RCMP in the Northwest Territories say another police service is investigating an incident that took place in the cell block of its detachment in Inuvik in March 2020.
N.W.T. RCMP said an incident involving a female prisoner being taken into custody would be investigated by Alberta RCMP "after recent attention to the incident brought this to the awareness of NT RCMP," in a statement to media on Sept. 3.
Cabin Radio first reported on a woman's allegations that two male officers forcibly removed her clothing after she refused to undress in front of them.
A court document by the woman's lawyer, Tú Pham, and obtained by CBC News, accuses police of violating the complainants' charter rights and of using excessive force after she was taken into custody early in the morning of March 20 as part of a domestic assault investigation.
The document is based on the woman's memory, police reports and surveillance footage, and it has not yet been tested in court. RCMP have said they would not be providing details about what happened.
The document says the complainant went into medical distress in a jail cell around 2:35 a.m and that she told officers she needed to go to the hospital. One of the constables said they'd call her an ambulance instead, but she would need to remove her clothing and wear a prisoner smock before he made the call.
"At that time, there were two male RCMP members present along with a male prison guard. No females were present other than [the woman,]" the document says.
The woman refused to undress in front of the three men, the document says, and one of the officers "threatened to forcibly remove her clothing" before both officers began "prolonged efforts" to remove her clothing.
One officer cornered the complainant against the back wall of the jail cell, and she kicked at him from a seated position on a cell bench, the statement reads. He responded by "kicking and punching [the woman] in the face a number of times with a closed fist."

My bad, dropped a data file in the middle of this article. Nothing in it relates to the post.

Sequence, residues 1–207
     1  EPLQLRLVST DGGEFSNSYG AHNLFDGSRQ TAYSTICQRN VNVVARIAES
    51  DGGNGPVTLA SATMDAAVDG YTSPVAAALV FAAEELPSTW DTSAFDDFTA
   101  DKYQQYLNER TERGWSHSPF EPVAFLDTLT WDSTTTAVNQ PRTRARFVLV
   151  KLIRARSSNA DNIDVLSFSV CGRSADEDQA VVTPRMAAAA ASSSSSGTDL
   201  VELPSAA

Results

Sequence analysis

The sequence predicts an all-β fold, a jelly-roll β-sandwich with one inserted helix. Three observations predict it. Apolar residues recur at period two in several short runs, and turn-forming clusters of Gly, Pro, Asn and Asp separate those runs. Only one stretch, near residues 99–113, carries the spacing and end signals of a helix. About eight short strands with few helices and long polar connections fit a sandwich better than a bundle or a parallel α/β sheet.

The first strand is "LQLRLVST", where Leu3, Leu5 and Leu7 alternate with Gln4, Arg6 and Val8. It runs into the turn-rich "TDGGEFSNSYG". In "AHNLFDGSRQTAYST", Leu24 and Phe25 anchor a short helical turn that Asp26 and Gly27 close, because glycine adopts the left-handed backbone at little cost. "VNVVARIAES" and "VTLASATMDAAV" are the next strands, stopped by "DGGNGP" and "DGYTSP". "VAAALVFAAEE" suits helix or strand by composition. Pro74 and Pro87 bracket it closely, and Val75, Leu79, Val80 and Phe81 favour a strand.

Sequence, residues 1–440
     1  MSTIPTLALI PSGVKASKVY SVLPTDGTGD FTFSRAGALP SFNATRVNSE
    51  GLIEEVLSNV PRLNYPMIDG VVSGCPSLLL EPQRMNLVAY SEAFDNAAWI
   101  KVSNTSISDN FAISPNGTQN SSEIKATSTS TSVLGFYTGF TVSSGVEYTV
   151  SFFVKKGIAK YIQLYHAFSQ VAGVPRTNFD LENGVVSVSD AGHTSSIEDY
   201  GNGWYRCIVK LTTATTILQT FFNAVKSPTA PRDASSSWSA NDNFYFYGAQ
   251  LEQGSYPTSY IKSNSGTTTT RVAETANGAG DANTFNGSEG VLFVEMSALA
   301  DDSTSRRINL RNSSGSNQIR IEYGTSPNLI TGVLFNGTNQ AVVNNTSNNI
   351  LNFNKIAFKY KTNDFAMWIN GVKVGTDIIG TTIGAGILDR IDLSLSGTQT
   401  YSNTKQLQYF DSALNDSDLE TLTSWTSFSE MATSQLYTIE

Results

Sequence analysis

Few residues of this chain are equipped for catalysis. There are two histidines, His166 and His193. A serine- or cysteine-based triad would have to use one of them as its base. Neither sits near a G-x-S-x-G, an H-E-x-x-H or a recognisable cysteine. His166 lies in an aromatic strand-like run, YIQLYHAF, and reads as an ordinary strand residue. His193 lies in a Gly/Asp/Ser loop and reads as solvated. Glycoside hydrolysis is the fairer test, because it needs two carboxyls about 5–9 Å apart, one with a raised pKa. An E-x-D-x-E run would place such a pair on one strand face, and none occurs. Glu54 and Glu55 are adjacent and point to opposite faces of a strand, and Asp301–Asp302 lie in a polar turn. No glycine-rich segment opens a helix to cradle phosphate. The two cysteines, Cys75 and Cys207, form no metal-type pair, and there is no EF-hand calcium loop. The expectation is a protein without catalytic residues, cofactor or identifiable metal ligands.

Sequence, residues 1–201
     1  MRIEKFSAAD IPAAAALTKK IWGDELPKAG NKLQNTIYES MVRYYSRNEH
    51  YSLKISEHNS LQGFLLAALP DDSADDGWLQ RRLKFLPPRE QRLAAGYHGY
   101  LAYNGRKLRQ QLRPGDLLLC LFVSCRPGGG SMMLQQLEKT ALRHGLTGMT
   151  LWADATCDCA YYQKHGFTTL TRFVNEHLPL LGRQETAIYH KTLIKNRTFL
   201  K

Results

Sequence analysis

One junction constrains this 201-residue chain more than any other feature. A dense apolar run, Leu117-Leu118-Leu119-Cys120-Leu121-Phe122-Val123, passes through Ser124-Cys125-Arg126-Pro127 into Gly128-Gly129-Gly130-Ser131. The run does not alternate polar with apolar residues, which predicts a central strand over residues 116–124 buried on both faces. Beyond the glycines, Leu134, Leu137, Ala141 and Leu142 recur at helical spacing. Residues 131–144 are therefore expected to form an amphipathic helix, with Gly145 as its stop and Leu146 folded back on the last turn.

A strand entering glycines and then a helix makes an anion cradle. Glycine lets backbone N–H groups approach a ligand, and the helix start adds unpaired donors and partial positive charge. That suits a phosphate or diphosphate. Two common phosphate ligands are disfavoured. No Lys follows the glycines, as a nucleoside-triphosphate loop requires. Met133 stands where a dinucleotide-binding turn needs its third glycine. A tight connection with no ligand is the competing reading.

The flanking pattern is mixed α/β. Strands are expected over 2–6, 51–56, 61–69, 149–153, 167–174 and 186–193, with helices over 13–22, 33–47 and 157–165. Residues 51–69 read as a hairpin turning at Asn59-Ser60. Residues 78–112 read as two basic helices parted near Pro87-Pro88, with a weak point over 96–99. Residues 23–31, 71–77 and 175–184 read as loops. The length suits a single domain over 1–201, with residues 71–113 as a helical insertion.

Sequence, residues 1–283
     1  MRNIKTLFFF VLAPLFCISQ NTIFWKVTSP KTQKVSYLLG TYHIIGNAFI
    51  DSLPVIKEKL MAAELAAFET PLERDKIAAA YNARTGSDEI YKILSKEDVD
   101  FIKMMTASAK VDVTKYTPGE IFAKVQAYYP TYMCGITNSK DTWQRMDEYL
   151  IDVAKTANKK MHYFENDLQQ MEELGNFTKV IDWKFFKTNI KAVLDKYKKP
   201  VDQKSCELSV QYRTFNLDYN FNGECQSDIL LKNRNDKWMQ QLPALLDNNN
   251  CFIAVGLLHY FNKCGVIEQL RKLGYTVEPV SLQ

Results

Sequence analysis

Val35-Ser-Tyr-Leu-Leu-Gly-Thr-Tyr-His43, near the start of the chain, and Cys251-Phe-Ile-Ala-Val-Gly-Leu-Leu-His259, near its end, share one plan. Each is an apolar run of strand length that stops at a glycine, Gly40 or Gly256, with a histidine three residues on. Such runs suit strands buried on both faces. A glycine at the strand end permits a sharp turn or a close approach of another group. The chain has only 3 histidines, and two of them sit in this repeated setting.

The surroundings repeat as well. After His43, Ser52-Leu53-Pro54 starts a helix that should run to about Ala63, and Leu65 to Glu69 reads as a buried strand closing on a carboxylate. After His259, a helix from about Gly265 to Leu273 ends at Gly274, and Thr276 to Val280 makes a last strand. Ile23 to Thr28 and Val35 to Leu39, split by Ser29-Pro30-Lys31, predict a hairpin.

"The two RCMP members then suddenly and violently pulled [the woman] off of the cell bench and onto the floor," the filing said, where they "pinned" her down.
They were able to successfully remove her tank top and pants in an ordeal that lasted about three minutes and 30 seconds, and the woman was then left crying in the corner of her cell wearing nothing but her panties, the document reads.
It goes on to say an ambulance was never called and the woman was not given medical attention until 10 a.m. the next morning when she was taken to the hospital, where a doctor diagnosed her with eight injuries including including swelling on the ride side of her face, bruising around her right eye, pain in her neck and recent bruising on her arms and right hand.
RCMP in the N.W.T. said anyone involved in the incident remains on active duty.
Police investigating police an 'absolute conflict'
Darryl Davies, a criminology professor at Carleton University in Ottawa, told CBC News it is an "absolute conflict of interest for police to be investigating police in any jurisdiction in Canada."
He said the country needs an independent national oversight body that's comprised of people who have experience in criminal justice and who aren't "political puppets" or former police officers.
"We need to have people who have knowledge of the law, the knowledge of criminology and knowledge of the criminal justice issues, and you never get that with these [investigating] bodies."
Davies said it's something people should think about when they head to the polls.
"No government at the federal or provincial level has had the guts, quite frankly, to step up to the plate and establish such a body and actually hold people accountable when they break the law."
There is no independent review committee for police investigations in the N.W.T.